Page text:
Interview with The Escape by Tzina Dovve (DJ Lady Davinia)
The Escape… A goth/dark wave band is born on the German underground scene in the late eighties… Frontman Ingo Klemmens talks about the early goth days and beginnings, line-up changes, upcoming album and not only… An interesting and in-depth interview on what these German goth rockers are all about… The Escape… By Tzina Dovve (DJ Lady Davinia)…
Tzina: Welcome to Absolution… As I understand, The Escape date back to the late eighties on the German dark/goth scene. When and how exactly did your band form and what prompted you to start such a band to begin with?
Ingo: Hello! Yes, it is right that The Escape was formed in 1989, to be honest in 1988, when we had the first idea to create a band called ‘The Escape’. The very first line-up existed only for one gig in 1988 and it had me on bass guitar, our singer Thorsten Abel on guitar and an additional guitarist named Axel Kramer. After this gig Axel left the band and we re-formed The Escape as a synth-based dark wave band with Thorsten’s schoolmate Heiko Wersing and me on keyboards while Thorsten was singing. It took two or three years until we added guitars to the music again.
Tzina: There has been a number of line-up changes throughout the years of your music journey with members of the band. Who are the current members of The Escape?
Ingo: The current members besides me as the singer and guitarist are Andreas ‘Stonie’ Steinhaus on guitar (since 2018), Tommes Arensmann on ‘live’ keyboards (since 2001) and since December 2022 Sebastian ‘Sebi’ Hartstang on additional guitar. We really had several line-up changes over the years… I think the one with the most impact was when singer Elten, who did the first three albums, quit in the year 2000. At that time, we did not know how to carry on with the band until I decided to take the microphone and sing myself. It was a risk but thankfully it worked.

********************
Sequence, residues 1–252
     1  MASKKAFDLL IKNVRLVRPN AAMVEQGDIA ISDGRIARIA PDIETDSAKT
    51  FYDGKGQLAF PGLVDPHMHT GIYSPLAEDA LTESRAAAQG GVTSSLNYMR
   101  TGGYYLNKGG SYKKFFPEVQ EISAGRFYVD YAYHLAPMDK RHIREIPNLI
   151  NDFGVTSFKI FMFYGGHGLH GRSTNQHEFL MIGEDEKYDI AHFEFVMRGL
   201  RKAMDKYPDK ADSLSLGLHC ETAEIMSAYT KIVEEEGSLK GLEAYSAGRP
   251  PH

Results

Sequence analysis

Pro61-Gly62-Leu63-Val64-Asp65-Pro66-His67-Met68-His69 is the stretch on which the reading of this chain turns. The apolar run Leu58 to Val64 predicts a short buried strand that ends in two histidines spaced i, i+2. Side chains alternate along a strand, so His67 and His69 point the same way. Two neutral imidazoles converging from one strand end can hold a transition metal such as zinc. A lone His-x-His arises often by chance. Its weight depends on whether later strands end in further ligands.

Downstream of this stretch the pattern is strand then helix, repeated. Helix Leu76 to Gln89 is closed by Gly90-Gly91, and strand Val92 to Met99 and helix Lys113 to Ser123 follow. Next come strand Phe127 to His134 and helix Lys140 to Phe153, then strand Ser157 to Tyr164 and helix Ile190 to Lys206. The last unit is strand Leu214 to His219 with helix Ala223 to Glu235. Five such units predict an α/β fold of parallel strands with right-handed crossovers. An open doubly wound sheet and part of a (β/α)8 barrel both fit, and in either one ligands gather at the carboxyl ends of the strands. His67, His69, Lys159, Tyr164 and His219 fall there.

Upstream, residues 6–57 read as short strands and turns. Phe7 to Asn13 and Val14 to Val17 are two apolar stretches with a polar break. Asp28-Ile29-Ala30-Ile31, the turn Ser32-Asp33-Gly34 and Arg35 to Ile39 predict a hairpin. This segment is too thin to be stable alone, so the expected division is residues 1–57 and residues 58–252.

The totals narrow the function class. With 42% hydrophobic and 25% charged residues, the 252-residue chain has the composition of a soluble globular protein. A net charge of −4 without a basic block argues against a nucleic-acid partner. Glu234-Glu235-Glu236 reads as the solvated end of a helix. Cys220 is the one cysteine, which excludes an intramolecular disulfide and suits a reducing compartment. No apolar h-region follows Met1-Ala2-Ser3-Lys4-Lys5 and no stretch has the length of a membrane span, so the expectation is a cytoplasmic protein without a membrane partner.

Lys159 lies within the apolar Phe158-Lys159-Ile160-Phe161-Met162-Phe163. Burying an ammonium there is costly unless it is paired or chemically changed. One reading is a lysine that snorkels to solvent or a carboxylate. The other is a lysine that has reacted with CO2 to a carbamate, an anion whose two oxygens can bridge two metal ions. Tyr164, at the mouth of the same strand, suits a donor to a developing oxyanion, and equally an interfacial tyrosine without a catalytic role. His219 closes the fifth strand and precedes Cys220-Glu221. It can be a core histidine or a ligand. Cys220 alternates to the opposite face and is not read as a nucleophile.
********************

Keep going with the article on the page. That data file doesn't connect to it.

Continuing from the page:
Tzina: What is the story behind the band’s name? Is there some sort of symbolic meaning behind the title ‘The Escape’. Can you elaborate…
Ingo: The name ‘The Escape’ indeed has a history. Before we formed ‘The Escape’ Thorsten Abel and me had a band called ‘Annuvin’, a prog-rock band with a classic line-up singer, guitarist, bassist, keysboard player and drummer. When this band split up in 1988 we had several auditions for guitarists and other musicians. That was very frustrating and after a few weeks we realized that we could not reform ‘Annuvin’ as it was originally so we decided to ‘escape’ this frustrating time and create something completely new. As Thorsten and me both like Goth and Dark Wave we thought of trying something like this. That is how the name ‘The Escape’ was born. The first attempt with a bass guitar and two more guitars did not work at all as we thought, as I mentioned above, but when we started as a dark wave synth band we had success from the very first gig.
Tzina: Your music could be categorised as trad goth/goth rock from your early days up to today. Who has been the main songwriter throughout the years and how is an Escape creation brought to life? What inspires you most to write such music and what are your main musical influences?
Ingo: The music from ‘The Escape’ is written and programmed by me but there are two songs on our last album ‘House Of Mind’ where the music was written by other members of the band. As I always have problems finding lyrics that won´t sound hilarious to me, I have always been glad, if someone else did the lyrics. Elten wrote half of the lyrics on ‘Amaryllis’ and ‘Faith And Decay’ and other musicians did some lyrics on ‘House Of Mind’. Currently we are working on new material and the music is still written by me with influences from ‘Stonie’ and ‘Sebi’. We have not finished all songs yet as some lyrics are still missing. We’ll see how and by whom they will get written.